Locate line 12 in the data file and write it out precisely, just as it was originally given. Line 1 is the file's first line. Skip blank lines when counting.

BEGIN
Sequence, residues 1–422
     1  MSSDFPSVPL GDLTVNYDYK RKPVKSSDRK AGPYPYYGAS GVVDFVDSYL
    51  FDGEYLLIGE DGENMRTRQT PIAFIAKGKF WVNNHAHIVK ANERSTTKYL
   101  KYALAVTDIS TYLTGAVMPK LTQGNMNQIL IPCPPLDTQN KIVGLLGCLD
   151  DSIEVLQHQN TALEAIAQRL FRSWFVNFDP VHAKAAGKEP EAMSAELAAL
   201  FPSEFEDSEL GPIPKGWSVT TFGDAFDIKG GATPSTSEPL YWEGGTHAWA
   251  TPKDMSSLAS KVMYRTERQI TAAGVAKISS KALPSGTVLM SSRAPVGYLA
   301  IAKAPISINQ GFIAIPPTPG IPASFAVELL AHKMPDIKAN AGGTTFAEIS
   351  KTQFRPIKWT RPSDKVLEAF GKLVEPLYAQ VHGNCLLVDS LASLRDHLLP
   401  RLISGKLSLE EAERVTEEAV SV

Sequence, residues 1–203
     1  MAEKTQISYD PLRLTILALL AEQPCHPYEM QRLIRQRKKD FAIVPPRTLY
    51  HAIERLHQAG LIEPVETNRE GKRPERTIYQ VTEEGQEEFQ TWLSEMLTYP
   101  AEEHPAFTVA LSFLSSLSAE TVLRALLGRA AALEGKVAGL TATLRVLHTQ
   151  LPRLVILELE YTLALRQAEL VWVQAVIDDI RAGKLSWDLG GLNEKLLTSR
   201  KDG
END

     1  MAEKTQISYD PLRLTILALL AEQPCHPYEM QRLIRQRKKD FAIVPPRTLY